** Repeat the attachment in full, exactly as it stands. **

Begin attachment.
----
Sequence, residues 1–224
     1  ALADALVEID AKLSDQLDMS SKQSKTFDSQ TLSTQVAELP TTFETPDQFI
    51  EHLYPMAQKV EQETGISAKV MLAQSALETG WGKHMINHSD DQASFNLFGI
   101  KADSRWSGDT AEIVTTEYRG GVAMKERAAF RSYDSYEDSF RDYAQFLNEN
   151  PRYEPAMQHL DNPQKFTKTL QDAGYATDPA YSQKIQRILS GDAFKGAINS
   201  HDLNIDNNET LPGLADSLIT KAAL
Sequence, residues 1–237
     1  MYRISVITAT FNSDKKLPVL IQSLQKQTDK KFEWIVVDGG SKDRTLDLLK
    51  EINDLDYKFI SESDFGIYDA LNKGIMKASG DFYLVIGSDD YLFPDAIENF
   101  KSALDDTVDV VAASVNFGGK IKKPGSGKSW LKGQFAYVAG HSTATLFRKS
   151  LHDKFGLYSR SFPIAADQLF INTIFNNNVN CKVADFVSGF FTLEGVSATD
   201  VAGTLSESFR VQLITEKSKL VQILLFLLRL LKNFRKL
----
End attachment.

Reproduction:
Sequence, residues 1–224
     1  ALADALVEID AKLSDQLDMS SKQSKTFDSQ TLSTQVAELP TTFETPDQFI
    51  EHLYPMAQKV EQETGISAKV MLAQSALETG WGKHMINHSD DQASFNLFGI
   101  KADSRWSGDT AEIVTTEYRG GVAMKERAAF RSYDSYEDSF RDYAQFLNEN
   151  PRYEPAMQHL DNPQKFTKTL QDAGYATDPA YSQKIQRILS GDAFKGAINS
   201  HDLNIDNNET LPGLADSLIT KAAL
Sequence, residues 1–237
     1  MYRISVITAT FNSDKKLPVL IQSLQKQTDK KFEWIVVDGG SKDRTLDLLK
    51  EINDLDYKFI SESDFGIYDA LNKGIMKASG DFYLVIGSDD YLFPDAIENF
   101  KSALDDTVDV VAASVNFGGK IKKPGSGKSW LKGQFAYVAG HSTATLFRKS
   151  LHDKFGLYSR SFPIAADQLF INTIFNNNVN CKVADFVSGF FTLEGVSATD
   201  VAGTLSESFR VQLITEKSKL VQILLFLLRL LKNFRKL